The Democratic Congressional Campaign Committee has suffered a security breach, and the FBI is investigating, writes Reuters. The incident, reported by four anonymous sources and later confirmed by the DCCC, comes shortly after WikiLeaks released a trove of damaging emails from the Democratic National Committee’s servers. The sources told Reuters that like the DNC hack, this new attack could have exposed information about Democratic donors, including credit card and social security information.
It’s not clear precisely how similar this attack is to the DNC hack, or how broad its scope was. Reuters reports that in June, "a bogus website was registered with a name closely resembling that of a main donation site connected to the DCCC." Then, "for some time," information about campaign donations was funneled to that site instead of a legitimate fundraising company. Reuters’ sources said that the goal may have been gathering information about donors, although we don’t know what was actually obtained.
We also don’t know who is behind it — and if they were also responsible for the DNC hack. That incident was claimed by a supposedly Romanian hacker known as Guccifer 2.0, but there’s evidence that it was carried out by a group or person in Russia. Reuters reports that the fake DCCC site’s IP address "resembled" one potentially used by Russian hackers, but the evidence seems loose and circumstantial.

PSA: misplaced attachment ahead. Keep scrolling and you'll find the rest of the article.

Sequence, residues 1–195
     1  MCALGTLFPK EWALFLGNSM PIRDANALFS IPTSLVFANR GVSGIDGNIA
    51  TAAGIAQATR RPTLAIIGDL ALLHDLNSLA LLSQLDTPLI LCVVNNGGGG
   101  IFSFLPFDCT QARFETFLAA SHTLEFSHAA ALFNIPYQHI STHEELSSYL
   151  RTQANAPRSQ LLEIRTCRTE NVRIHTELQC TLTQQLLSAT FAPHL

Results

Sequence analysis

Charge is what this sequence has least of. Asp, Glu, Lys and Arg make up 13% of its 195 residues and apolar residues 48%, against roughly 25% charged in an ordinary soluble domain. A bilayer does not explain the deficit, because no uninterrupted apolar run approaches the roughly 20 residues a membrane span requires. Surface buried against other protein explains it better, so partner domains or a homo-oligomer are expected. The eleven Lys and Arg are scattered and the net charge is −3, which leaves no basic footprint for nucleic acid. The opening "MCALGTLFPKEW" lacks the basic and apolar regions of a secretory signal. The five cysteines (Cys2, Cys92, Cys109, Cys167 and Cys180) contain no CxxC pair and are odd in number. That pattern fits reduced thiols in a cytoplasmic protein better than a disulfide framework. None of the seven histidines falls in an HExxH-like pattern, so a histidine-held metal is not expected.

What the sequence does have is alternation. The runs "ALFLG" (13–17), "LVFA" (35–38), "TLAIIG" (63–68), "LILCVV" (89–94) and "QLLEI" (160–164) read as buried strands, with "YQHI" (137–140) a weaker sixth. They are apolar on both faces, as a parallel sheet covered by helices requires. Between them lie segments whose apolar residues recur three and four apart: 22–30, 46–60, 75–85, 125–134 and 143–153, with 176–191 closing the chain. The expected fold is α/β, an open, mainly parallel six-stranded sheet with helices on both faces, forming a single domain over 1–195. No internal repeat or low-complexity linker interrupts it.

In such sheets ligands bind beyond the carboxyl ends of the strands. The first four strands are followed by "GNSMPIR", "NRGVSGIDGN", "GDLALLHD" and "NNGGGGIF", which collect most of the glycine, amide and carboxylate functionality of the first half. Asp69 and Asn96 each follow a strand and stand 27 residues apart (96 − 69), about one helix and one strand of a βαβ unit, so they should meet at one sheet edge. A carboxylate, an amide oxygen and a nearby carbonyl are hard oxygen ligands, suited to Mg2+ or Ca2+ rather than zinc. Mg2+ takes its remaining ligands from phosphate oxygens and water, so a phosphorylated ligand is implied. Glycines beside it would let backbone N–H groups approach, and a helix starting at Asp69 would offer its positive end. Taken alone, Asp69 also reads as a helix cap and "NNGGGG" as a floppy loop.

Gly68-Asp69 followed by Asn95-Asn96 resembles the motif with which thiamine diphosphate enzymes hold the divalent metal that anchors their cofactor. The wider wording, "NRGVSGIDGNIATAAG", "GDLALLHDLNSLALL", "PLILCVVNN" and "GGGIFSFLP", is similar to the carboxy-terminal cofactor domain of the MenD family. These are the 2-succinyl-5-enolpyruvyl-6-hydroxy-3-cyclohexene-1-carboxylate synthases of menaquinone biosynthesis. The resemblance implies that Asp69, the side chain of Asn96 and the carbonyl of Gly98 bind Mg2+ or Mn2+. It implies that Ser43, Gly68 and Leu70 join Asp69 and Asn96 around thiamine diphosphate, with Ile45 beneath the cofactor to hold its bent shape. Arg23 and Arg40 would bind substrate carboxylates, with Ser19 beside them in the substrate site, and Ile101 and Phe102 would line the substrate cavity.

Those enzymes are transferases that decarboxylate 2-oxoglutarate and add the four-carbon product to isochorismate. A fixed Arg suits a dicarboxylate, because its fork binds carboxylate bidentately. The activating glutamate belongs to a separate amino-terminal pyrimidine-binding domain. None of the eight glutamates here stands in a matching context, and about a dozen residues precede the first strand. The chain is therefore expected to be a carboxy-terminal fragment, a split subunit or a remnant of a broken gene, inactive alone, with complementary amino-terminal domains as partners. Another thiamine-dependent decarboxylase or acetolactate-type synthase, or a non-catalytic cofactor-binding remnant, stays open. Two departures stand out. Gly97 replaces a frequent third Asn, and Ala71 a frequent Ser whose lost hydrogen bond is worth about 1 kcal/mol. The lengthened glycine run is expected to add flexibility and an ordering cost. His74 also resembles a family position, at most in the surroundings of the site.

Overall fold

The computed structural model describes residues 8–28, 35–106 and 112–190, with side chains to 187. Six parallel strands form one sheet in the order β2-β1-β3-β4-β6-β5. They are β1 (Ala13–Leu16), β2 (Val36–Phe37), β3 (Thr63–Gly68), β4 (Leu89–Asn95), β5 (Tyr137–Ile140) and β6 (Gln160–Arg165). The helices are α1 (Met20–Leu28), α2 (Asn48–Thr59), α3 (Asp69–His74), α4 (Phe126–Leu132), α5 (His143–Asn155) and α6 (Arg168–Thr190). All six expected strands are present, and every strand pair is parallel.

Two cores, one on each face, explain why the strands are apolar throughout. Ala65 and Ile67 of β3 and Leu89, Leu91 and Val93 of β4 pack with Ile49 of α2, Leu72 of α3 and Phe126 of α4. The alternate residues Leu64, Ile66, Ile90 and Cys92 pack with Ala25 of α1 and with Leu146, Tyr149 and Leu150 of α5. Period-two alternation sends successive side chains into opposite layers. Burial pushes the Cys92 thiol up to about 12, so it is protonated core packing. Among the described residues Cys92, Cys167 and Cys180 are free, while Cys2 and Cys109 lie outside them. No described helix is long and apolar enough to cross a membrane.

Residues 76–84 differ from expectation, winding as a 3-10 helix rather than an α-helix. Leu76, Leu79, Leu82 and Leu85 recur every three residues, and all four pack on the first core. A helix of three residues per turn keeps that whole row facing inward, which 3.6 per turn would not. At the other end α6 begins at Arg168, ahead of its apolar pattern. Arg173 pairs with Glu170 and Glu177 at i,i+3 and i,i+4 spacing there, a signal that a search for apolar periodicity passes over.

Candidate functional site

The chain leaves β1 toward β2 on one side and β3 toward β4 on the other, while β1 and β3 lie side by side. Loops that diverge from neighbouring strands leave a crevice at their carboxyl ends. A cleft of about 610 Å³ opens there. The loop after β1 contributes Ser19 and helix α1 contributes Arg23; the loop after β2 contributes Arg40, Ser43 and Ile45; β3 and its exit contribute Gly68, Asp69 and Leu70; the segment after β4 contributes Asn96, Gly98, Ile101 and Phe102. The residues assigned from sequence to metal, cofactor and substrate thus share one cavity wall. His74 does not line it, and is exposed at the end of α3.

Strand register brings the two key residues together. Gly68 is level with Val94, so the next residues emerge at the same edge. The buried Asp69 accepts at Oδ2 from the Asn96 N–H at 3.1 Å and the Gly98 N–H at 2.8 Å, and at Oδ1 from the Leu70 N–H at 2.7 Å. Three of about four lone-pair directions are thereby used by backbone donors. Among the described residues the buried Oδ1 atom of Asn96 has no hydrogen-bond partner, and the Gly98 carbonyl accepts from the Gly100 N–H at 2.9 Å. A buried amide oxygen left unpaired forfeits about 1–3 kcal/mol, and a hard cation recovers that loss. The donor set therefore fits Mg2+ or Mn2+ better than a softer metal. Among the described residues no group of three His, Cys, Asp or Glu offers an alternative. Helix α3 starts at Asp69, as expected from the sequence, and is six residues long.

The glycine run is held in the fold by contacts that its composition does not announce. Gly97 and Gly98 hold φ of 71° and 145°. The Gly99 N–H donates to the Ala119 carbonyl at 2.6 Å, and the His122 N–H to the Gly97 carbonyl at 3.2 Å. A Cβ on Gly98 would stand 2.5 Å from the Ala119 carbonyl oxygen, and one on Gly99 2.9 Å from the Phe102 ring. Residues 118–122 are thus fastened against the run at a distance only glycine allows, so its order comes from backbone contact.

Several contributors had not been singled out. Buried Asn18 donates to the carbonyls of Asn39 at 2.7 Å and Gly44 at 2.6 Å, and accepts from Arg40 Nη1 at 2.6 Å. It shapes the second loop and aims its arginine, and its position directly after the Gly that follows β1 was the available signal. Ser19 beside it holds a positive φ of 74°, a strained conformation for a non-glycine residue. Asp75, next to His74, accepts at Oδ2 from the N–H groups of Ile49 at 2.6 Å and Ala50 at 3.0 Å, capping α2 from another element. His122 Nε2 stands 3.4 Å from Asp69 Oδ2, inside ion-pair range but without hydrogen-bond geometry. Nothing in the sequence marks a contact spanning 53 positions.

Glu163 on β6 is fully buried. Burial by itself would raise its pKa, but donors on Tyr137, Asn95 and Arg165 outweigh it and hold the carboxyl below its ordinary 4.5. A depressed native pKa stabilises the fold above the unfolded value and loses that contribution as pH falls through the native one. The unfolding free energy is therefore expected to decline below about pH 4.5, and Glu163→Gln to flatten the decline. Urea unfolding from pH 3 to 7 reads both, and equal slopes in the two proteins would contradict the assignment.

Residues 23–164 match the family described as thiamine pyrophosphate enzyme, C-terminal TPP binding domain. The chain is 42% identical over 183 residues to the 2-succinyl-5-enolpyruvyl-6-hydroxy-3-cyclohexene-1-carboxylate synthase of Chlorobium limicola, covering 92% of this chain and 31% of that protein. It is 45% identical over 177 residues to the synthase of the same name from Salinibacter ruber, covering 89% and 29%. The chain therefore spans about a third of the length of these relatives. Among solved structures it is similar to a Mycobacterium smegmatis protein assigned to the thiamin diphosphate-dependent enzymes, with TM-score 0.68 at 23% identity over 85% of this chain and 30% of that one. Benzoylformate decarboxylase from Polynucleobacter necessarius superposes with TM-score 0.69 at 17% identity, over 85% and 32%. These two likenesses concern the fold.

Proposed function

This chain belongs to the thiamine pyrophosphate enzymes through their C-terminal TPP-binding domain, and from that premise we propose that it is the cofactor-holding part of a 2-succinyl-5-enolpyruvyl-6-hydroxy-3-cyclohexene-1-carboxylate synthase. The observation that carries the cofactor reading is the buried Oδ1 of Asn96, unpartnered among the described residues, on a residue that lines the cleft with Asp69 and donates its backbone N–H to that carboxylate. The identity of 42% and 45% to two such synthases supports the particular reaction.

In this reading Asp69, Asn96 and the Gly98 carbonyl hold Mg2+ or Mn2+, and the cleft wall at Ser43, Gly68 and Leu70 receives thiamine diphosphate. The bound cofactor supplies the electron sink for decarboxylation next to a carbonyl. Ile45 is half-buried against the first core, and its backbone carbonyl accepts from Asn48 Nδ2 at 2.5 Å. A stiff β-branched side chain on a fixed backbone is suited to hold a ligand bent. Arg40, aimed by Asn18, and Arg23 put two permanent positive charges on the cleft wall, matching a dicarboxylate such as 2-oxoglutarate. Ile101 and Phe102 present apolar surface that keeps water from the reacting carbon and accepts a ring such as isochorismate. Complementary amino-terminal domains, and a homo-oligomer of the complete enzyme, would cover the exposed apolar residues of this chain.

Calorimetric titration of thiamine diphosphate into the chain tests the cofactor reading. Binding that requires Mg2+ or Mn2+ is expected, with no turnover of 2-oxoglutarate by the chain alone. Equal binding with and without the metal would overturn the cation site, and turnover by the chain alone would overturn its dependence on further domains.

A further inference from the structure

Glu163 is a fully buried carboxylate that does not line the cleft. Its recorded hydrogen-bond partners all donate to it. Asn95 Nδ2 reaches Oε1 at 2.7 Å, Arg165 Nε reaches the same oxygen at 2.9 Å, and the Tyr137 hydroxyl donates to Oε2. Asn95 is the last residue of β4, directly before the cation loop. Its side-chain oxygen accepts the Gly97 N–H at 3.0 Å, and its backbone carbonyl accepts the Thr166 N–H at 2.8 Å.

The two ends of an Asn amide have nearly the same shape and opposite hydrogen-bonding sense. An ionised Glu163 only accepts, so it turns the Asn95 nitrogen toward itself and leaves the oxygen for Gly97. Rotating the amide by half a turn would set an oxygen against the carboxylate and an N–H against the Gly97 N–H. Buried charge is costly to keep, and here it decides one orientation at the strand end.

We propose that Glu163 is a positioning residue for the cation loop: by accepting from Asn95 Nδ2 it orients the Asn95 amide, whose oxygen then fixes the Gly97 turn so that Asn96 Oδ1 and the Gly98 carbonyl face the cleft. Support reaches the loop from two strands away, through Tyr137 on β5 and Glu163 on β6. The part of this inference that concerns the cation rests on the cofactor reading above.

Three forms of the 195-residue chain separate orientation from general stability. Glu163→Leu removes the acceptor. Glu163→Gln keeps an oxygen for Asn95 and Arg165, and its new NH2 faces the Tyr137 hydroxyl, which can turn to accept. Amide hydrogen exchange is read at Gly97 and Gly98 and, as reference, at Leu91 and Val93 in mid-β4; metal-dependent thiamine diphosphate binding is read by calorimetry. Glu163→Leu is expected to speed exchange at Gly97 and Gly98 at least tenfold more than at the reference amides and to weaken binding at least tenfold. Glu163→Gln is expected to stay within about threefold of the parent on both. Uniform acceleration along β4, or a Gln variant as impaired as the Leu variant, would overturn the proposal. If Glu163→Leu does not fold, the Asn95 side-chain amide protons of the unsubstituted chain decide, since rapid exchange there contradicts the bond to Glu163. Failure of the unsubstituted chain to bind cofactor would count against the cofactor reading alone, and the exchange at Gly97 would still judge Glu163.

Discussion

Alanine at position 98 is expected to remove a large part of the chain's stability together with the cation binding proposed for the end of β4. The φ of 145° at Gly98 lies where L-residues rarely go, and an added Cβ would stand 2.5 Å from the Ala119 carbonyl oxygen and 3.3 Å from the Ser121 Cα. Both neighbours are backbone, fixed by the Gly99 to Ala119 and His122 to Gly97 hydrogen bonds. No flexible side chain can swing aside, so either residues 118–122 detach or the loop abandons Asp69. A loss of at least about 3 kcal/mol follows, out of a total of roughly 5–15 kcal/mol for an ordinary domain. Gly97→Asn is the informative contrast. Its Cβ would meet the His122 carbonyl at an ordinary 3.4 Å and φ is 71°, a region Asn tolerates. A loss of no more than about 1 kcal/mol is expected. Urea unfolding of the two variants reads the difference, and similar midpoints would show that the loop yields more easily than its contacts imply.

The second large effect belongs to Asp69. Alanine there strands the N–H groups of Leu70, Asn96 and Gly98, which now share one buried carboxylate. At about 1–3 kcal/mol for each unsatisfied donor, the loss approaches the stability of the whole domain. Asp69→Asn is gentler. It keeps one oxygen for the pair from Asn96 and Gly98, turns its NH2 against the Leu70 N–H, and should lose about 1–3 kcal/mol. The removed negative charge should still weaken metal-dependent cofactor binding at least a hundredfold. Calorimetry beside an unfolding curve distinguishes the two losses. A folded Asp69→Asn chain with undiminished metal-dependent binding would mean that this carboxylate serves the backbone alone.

Hillary Clinton’s campaign has speculated that the Russian government orchestrated the DNC hack to sabotage her chances against Donald Trump in this fall’s election, by releasing documents that WikiLeaks published on the eve of the Democratic National Convention. It’s unclear whether this could lead to a similar data dump. While WikiLeaks promised that it had more information to release after the DNC emails, it has not made a public statement or responded to a request for comment about the DCCC.
Regardless, the data Reuters describes doesn’t seem like it would produce the same fallout within the Democratic party. Last week’s email release led the DNC to apologize to candidate Bernie Sanders for an apparent bias against him during the primaries, and chair Debbie Wasserman Schultz resigned in the aftermath of the leak. Currently, DCCC spokeswoman Meredith Kelly says that "the DCCC can confirm that we have been the target of a cybersecurity incident," but "the investigation is ongoing."